Uniqueness. Suppose $X \in \mathop{\mathrm{Ob}}\nolimits (\mathcal{C})$ and $\mathcal{E}$ is a finite locally free $\mathcal{O}_ X$-module. We want to show that conditions (1), (2), and (3) of the lemma uniquely determine $c^ A([\mathcal{E}])$. To prove this we may assume $\mathcal{E}$ has constant rank $r$; this already uses (2). Then we may use induction on $r$. If $r = 1$, then uniqueness follows from (3). If $r > 1$ we pullback using (2) to the projective bundle $p : P \to X$ and we see that we may assume we have a short exact sequence $0 \to \mathcal{E}' \to \mathcal{E} \to \mathcal{E}'' \to 0$ with $\mathcal{E}'$ and $\mathcal{E}''$ having lower rank. By induction hypothesis $c^ A(\mathcal{E}')$ and $c^ A(\mathcal{E}'')$ are uniquely determined. Thus uniqueness for $\mathcal{E}$ by the axiom (1). $\square$

Lemma 45.12.2. In the situation above. Let $X \in \mathop{\mathrm{Ob}}\nolimits (\mathcal{C})$. Let $\mathcal{E}_ i$ be a finite collection of locally free $\mathcal{O}_ X$-modules of rank $r_ i$. There exists a morphism $p : P \to X$ in $\mathcal{C}$ such that

1. $p^* : A(X) \to A(P)$ is injective,

2. each $p^*\mathcal{E}_ i$ has a filtration whose successive quotients $\mathcal{L}_{i, 1}, \ldots , \mathcal{L}_{i, r_ i}$ are invertible $\mathcal{O}_ P$-modules.

Proof. We may assume $r_ i \geq 1$ for all $i$. We will prove the lemma by induction on $\sum (r_ i - 1)$. If this integer is $0$, then $\mathcal{E}_ i$ is invertible for all $i$ and we conclude by taking $\pi = \text{id}_ X$. If not, then we can pick an $i$ such that $r_ i > 1$ and consider the projective bundle $p : P \to X$ associated to $\mathcal{E}_ i$. We have a short exact sequence

$0 \to \mathcal{F} \to p^*\mathcal{E}_ i \to \mathcal{O}_ P(1) \to 0$

of finite locally free $\mathcal{O}_ P$-modules of ranks $r_ i - 1$, $r_ i$, and $1$. Observe that $p^* : A(X) \to A(P)$ is injective by assumption. By the induction hypothesis applied to the finite locally free $\mathcal{O}_ P$-modules $\mathcal{F}$ and $p^*\mathcal{E}_{i'}$ for $i' \not= i$, we find a morphism $p' : P' \to P$ with properties stated as in the lemma. Then the composition $p \circ p' : P' \to X$ does the job. $\square$

Lemma 45.12.3. Let $X \in \mathop{\mathrm{Ob}}\nolimits (\mathcal{C})$. Let $\mathcal{E}$ be a finite locally free $\mathcal{O}_ X$-module. Let $\mathcal{L}$ be an invertible $\mathcal{O}_ X$-module. Then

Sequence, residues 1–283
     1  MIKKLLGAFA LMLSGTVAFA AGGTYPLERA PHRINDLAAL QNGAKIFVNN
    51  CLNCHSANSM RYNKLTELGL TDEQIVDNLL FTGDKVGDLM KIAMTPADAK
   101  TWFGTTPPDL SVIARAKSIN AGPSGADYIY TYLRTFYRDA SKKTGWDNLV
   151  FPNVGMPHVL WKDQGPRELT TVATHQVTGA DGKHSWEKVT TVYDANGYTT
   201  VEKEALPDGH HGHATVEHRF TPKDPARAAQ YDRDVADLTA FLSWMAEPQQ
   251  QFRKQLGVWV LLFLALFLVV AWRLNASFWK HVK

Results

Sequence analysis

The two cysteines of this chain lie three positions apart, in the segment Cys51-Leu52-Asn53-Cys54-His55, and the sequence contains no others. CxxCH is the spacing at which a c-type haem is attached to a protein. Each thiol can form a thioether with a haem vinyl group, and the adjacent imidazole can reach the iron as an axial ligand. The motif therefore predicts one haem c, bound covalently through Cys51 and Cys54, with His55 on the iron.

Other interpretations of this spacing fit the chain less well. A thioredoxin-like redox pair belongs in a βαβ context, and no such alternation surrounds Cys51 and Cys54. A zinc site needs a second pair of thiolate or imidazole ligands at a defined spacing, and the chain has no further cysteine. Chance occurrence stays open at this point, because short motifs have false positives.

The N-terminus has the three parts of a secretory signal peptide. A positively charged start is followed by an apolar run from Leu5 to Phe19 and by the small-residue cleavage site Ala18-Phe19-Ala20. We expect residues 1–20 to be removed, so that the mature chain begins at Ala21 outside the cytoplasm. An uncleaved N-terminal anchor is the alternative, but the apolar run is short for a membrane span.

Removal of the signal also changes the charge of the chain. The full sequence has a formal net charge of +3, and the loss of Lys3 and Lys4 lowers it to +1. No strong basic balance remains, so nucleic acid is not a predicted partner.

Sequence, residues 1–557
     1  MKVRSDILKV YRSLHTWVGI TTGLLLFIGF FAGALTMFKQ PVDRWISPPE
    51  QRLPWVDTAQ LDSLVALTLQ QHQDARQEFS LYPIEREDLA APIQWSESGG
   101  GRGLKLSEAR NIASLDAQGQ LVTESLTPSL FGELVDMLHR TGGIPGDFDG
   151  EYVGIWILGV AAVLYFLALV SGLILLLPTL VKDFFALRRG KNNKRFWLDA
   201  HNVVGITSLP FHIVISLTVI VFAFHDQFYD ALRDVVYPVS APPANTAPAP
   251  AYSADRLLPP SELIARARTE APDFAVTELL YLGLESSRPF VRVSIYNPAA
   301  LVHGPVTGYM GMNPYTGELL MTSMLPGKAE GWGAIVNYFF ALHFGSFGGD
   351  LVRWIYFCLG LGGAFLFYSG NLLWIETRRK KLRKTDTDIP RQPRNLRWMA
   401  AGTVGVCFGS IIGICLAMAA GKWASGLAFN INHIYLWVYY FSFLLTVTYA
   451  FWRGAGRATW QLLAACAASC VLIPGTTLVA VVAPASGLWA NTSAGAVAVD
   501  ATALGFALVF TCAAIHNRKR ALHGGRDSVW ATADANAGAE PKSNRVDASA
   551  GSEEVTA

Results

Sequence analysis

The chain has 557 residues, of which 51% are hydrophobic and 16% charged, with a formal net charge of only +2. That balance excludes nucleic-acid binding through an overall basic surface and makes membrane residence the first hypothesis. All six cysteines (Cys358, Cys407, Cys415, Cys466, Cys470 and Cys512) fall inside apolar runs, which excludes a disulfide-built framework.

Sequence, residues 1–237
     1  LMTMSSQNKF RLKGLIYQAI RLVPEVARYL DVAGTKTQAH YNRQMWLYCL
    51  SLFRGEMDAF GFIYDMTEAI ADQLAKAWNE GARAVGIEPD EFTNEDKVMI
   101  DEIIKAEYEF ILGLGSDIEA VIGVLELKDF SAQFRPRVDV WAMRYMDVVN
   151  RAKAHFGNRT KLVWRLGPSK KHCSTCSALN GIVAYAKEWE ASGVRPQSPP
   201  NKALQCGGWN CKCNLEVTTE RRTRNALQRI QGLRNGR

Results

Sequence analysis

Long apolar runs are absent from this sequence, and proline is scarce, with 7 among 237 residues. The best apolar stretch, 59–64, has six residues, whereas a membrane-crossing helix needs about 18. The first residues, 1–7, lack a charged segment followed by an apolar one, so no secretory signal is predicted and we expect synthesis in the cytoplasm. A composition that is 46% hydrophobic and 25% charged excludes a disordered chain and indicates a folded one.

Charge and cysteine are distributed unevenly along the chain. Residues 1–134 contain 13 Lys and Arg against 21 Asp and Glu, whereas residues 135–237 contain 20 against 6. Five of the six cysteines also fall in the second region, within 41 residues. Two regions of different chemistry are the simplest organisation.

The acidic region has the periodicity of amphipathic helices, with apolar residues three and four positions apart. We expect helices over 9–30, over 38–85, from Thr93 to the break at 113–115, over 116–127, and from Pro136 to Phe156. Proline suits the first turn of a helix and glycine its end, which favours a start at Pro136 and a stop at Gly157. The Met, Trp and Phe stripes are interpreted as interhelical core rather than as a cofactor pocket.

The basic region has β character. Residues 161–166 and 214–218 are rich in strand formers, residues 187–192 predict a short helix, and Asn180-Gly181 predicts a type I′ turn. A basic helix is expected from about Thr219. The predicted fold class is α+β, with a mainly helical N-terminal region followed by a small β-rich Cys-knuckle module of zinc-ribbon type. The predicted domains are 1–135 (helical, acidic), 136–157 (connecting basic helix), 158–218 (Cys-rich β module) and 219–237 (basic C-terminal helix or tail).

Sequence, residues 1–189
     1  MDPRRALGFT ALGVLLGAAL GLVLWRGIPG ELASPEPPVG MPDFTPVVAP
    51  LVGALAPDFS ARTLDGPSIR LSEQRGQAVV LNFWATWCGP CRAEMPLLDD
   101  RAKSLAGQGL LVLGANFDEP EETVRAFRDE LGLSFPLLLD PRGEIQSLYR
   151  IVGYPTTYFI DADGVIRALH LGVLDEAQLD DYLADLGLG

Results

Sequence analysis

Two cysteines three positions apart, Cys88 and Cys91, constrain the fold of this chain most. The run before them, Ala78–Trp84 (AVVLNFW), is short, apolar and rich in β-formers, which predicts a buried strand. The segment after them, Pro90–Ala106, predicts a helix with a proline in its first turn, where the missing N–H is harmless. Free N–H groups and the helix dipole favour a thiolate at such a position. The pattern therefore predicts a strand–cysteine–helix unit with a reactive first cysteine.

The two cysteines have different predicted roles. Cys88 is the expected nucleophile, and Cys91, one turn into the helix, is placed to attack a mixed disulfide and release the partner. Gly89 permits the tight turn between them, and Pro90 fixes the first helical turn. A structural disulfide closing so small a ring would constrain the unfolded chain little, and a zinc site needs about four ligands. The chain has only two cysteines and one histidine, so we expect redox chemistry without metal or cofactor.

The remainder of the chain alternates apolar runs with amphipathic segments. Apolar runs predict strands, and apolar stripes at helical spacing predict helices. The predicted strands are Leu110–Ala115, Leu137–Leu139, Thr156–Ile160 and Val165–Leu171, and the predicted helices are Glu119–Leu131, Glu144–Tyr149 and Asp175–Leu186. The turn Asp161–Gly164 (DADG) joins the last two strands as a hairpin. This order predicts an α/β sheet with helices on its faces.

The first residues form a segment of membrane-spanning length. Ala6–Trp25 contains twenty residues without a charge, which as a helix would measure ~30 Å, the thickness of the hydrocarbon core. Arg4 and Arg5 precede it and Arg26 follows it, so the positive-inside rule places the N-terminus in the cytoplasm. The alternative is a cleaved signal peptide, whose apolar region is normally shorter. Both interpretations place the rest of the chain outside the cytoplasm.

$c^ A_ i({\mathcal E} \otimes {\mathcal L}) = \sum \nolimits _{j = 0}^ i \binom {r - i + j}{j} c^ A_{i - j}({\mathcal E}) \cup c^ A_1({\mathcal L})^ j$

Proof. By the construction of $c^ A_ i$ we may assume $\mathcal{E}$ has constant rank $r$. Let $p : P \to X$ and $p' : P' \to X$ be the projective bundle associated to $\mathcal{E}$ and $\mathcal{E} \otimes \mathcal{L}$. Then there is an isomorphism $g : P \to P'$ such that $g^*\mathcal{O}_{P'}(1) = \mathcal{O}_ P(1) \otimes p^*\mathcal{L}$. See Constructions, Lemma 27.20.1. Thus

$g^*c_1^ A(\mathcal{O}_{P'}(1)) = c_1^ A(\mathcal{O}_ P(1)) + p^*c_1^ A(\mathcal{L})$

The desired equality follows formally from this and the definition of Chern classes using equation (45.12.1.1). $\square$

Proposition 45.12.4. In the situation above assume $A(X)$ is a $\mathbf{Q}$-algebra for all $X \in \mathop{\mathrm{Ob}}\nolimits (\mathcal{C})$. Then there is a unique rule which assigns to every $X \in \mathop{\mathrm{Ob}}\nolimits (\mathcal{C})$ a “chern character”

$ch^ A : K_0(\textit{Vect}(X)) \longrightarrow \prod \nolimits _{i \geq 0} A^ i(X)$

with the following properties

1. $ch^ A$ is a ring map for all $X \in \mathop{\mathrm{Ob}}\nolimits (\mathcal{C})$.

2. If $f : X' \to X$ is a morphism of $\mathcal{C}$, then $f^* \circ ch^ A = ch^ A \circ f^*$.

3. Given $X \in \mathop{\mathrm{Ob}}\nolimits (\mathcal{C})$ and $\mathcal{L} \in \mathop{\mathrm{Pic}}\nolimits (X)$ we have $ch^ A([\mathcal{L}]) = \exp (c_1^ A(\mathcal{L}))$.

Proof. Let $X \in \mathop{\mathrm{Ob}}\nolimits (\mathcal{C})$ and let $\mathcal{E}$ be a finite locally free $\mathcal{O}_ X$-module. We first show how to define the rank $r^ A(\mathcal{E}) \in A^0(X)$. Namely, let $X = \bigcup X_ r$ be the decomposition into open and closed subschemes such that $\mathcal{E}|_{X_ r}$ has constant rank $r$. Since $X$ is quasi-compact, this decomposition is finite, say $X = X_0 \amalg X_1 \amalg \ldots \amalg X_ n$. Then $A(X) = A(X_0) \times A(X_1) \times \ldots \times A(X_ n)$. Thus we can define $r^ A(\mathcal{E}) = (0, 1, \ldots , n) \in A^0(X)$.

Let $P_ p(c_1, \ldots , c_ p)$ be the polynomials constructed in Chow Homology, Example 42.43.6. Then we can define

$ch^ A(\mathcal{E}) = r^ A(\mathcal{E}) + \sum \nolimits _{i \geq 1} (1/i!) P_ i(c^ A_1(\mathcal{E}), \ldots , c^ A_ i(\mathcal{E})) \in \prod \nolimits _{i \geq 0} A^ i(X)$